3. Learn by doing.  The problem with “doing” is that it takes time and, too often, trainers misjudge the timing and/or do not allow their trainees to do solid role playing or to roll their sleeves up and get their hands dirty.  Not only does learning by doing accentuate the doing, it caters to the different ways that people learn and breaks up the routine of sitting in a single chair all day long.
  4. Learn by sharing.  Peer to peer sharing is an online habit nowadays, yet in business, such a practice is encumbered by a whole variety of problems such as territoriality, unaligned goals & objective setting, not enough time allowed, poor systems for knowledge management… Creating a collaborative spirit in the office space is all about the mindset.  A training seminar which enables peers to share their experiences and expertise is a great opportunity to try to evolve that myndset.
  5. Bring in the big gun executives only to listen and energize, not to pontificate.  If having the CEO come to the meeting is good for motivation and provides a singular opportunity to reiterate the company’s mission statement, latest results and/or revised strategy, the chances are that the big gun will not help the objective of the training session.  A training session, in the context of a Learning Organization3, is more an opportunity to share, build a collaborative spirit and a bottom-up mentality rather than reinforce the top-down chain of command.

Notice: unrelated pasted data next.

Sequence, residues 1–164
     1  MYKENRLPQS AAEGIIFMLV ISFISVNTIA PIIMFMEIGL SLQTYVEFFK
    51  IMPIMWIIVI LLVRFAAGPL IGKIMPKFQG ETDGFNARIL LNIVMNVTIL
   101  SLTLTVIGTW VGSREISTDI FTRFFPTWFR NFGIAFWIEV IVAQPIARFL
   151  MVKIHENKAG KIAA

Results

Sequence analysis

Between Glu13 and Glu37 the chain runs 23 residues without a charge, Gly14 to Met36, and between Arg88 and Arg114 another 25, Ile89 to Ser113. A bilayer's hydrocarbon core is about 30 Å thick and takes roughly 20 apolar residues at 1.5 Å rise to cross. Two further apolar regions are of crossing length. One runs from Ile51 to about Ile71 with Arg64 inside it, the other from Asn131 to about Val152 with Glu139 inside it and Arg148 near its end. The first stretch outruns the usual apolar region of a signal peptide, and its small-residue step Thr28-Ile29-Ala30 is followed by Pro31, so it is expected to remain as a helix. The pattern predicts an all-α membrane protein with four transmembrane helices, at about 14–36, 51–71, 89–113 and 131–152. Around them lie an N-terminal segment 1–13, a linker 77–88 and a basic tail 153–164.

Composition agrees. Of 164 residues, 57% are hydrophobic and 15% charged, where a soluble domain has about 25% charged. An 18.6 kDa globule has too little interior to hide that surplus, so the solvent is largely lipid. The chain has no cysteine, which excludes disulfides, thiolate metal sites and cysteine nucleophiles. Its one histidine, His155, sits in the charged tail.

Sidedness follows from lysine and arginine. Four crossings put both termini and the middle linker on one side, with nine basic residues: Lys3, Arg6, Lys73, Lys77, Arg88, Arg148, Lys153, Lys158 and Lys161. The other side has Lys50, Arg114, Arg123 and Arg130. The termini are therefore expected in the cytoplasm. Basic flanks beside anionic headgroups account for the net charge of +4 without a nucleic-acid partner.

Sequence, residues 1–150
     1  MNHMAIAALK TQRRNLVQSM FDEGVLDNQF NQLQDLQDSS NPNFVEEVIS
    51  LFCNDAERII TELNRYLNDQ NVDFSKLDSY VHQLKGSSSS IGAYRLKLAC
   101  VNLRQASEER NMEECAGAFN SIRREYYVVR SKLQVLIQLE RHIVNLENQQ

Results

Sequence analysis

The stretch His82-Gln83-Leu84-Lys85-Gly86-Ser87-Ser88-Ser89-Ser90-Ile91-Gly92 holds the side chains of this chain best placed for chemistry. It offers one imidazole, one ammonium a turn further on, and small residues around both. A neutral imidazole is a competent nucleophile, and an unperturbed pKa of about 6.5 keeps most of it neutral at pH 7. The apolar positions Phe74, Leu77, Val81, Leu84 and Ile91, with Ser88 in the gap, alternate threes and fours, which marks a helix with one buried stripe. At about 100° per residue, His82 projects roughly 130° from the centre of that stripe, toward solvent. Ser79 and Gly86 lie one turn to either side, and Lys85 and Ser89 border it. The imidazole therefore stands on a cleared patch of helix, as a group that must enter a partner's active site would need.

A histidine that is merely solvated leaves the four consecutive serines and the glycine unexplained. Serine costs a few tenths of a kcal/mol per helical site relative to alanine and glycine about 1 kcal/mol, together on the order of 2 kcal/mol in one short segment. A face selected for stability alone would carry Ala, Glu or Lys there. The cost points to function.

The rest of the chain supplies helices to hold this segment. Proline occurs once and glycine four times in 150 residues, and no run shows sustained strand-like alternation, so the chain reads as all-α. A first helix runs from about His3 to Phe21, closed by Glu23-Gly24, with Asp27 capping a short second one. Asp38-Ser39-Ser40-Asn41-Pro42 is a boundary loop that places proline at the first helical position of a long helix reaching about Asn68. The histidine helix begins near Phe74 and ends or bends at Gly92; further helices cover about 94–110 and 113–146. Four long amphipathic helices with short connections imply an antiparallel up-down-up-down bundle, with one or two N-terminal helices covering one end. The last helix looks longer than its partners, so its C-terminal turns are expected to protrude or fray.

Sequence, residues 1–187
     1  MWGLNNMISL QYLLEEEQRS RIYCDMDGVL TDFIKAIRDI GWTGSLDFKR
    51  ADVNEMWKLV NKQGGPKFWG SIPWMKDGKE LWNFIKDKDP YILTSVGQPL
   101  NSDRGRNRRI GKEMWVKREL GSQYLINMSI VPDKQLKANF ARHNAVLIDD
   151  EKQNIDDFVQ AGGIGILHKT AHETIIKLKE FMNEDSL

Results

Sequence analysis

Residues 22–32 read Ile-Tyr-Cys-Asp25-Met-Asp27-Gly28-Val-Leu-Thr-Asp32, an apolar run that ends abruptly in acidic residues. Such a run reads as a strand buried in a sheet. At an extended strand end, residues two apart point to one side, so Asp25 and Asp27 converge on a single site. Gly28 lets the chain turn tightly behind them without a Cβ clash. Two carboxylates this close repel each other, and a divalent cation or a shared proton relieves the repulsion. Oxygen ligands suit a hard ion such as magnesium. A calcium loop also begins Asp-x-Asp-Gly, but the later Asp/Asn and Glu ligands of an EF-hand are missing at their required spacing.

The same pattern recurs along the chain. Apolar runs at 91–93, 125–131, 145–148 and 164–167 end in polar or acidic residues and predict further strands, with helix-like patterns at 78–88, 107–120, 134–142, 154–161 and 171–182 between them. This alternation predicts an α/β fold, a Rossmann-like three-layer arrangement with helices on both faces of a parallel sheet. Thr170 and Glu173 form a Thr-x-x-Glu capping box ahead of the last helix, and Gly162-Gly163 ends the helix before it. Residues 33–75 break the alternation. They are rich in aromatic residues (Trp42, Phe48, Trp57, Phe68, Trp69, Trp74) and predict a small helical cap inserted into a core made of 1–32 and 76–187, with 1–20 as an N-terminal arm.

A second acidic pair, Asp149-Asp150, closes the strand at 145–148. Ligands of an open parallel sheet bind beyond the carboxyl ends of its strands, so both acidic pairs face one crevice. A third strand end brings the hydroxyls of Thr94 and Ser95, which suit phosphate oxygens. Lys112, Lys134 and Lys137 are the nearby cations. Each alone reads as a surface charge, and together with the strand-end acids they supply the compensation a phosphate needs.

6. Watch out for death by powerpoint. If visual aides remain a completely useful — if not essential — tool for helping to pass along information, the vast majority of powerpoints are ineffective for being too wordy, too linear and too boring.  A key consideration is the leave-behind, which enables the learner to complement what she/he is acquiring by (a) not having to copy down all the data and (b) by encouraging some amount of “personal transcription” which reinforces the learning.